Musicians' Health Collective

Musicians' Health Collective: Supporting the health of musicians (and normal people)

Filtering by Tag: self care

Running Recovery

This past weekend was one of the big marathons in my area, and watching people finish made me glad that I did not in fact participate, and more importantly, made me think of ways that runners might recover after such a race.  Here are a few of my favorite videos for self care after a race:

I love a little bit of rolling for center of glutes to prime your hips for daily life, but also to manage any overuse.

This is a video from friend and colleague Alexandra Ellis which goes through the 90/90 stretch, or the pinwheel hips of the mermaid in pilates.  It can be easy to neglect external and internal rotation when training for a race, and this is a good movement to add to the traditional work.

Lastly a quick calf roll out with a therapy ball, tennis ball, or softer ball can help restore foot and ankle movement.

8 Tips to Stay Sane For the Holidays

For most people, the holidays are a stressful time, whether it's because of the flurry of activity, the holiday gigs, the gift buying, or the long encounters with family with questions like, "What will you do with your life/job/relationship/freelance life?."  Our body can stay in a place of sympathetic dominance if we're not careful, and our body can get out of whack if left in that state for too long.  Here are some of my favorite things to keep it together during the holidays.

1. Get enough sleep.  Easier said than done, but all too crucial.  Too many days of diminished sleep make me enormously grumpy and dysfunctional.

2. Can't sleep well?  Try constructive rest-  a practice of introverting your attention and resting for any time.  Here's my girl Brooke Thomas' introductory video on constructive rest.

3.  While this might not be a good time to start a brand new meditation practice, it's always a good time to breathe and breathe mindfully.   I love this chat with Aline Benoit from August to get inspired.  Try a few moments of breathing in a quiet place where you can't be disturbed if you feel the pull of holiday stress derailing your sanity.  It's ok if a million thoughts come up!  I love Maira Kalman's illustrations on meditation, because she basically details her thought process and how difficult it is to focus.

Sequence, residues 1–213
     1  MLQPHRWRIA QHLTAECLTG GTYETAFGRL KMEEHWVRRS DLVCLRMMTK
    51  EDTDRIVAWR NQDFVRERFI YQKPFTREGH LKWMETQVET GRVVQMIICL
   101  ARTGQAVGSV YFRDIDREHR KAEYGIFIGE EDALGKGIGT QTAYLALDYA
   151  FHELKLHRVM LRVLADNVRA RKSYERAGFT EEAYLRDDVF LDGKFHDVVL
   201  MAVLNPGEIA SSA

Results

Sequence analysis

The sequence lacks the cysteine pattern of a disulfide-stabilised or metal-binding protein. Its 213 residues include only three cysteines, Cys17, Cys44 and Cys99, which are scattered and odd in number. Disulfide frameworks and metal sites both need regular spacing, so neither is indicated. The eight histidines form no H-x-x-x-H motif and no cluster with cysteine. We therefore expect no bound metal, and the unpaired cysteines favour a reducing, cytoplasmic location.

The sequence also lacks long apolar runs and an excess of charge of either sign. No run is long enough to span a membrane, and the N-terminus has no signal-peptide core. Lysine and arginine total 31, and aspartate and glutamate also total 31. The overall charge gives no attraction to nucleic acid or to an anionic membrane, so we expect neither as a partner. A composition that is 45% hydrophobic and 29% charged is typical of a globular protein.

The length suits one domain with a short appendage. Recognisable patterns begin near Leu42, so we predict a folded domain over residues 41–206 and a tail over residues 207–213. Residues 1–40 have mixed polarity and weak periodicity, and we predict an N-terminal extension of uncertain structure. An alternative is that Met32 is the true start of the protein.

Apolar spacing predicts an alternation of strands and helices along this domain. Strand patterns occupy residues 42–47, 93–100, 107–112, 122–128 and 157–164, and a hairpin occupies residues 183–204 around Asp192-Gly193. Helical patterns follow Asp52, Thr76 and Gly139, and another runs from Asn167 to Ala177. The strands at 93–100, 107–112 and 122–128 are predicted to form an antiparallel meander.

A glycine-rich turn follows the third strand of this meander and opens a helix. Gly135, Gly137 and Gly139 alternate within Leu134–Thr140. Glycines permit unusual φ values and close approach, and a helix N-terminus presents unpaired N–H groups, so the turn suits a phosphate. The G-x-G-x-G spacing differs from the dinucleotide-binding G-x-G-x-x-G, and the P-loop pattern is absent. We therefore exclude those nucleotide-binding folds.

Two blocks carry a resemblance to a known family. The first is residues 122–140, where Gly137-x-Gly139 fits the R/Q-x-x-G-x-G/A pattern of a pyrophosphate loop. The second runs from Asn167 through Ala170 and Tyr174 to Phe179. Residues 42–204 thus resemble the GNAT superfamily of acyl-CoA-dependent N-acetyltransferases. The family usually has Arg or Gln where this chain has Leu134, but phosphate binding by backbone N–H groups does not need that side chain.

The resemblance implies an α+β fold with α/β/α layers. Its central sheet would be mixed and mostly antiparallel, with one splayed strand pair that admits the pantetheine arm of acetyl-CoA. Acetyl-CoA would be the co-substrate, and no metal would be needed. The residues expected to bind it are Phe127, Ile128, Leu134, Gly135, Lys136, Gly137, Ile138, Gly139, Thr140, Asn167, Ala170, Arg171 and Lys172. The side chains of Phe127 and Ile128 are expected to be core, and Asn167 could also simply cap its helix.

4.  Go for a walk outside if the weather permits.  Walking is a critical movement nutrient that is often neglected in our exercise/sitting regiments.  I find that my mind is always more collected after a walk.

5.  Take a warm bath if you bathtub isn't too gross (or you don't share it with a bunch of people).  If you find your body in pain from playing, sitting, or sleeping, a bath is a lovely way to get blood flow into deprived tissues and decrease stress.

6.  Don't eat all of the sugary things.  I love baking, but I also know that if I eat everything I bake, I will be grumpy and on a sugar crash.  If people bake for the office, class, or studio, it's ok to say no, or just eat a little.  You don't have to eat every sugary thing that manifests in your workplace!  (Sometimes that's chocolate, cookies, sweet bread, and cakes all in one place!)

7.  Do a little self-massage.  Even if you only have a tennis ball or lacrosse ball, roll out your feet or your upper back against the wall.  A little bit of self-care goes a long way, especially if your feet are trapped in boots or high heels all day.

8.  Even if there are many things to stress about during the holidays (relationships, finances, careers, etc.), take a moment to be grateful for what you do have and consider giving back, even if that's just a donation to a food drive, playing for a senior citizen center, or being kind to shopping clerks.  A little bit of gratitude goes a long way in improving morale, even if things aren't the way you wish they were.

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Self Massage techniques (aka. Be a Baller)

Now that I've talked a bit about the value of rolling out your tight tissues, here are a few videos for those of you ready to rock and roll.  (There are lots of ball-related puns.  Sorry).  As a Yoga Tune Up® teacher, I like the YTU® balls, but I've also used pinky balls and lacrosse balls in a pinch.  Here are some of my favorite roll out places to start.


Feet: whether you've worn heels or dress shoes, or you just ran a few miles, this feels great.

Upper Back: after a day of playing, or in the morning, this is a nice way to start to unwind.

Jaw/TMJ issues: for all of my wind player, singer, night jaw grinding friends out there!

Neck: this is a great sequence for everyone!

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